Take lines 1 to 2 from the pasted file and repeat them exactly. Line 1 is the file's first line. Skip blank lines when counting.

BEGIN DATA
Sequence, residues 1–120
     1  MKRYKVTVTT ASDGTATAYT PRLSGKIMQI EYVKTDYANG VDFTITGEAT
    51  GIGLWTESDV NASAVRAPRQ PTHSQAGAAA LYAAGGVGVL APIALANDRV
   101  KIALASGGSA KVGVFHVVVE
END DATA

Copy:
Sequence, residues 1–120
     1  MKRYKVTVTT ASDGTATAYT PRLSGKIMQI EYVKTDYANG VDFTITGEAT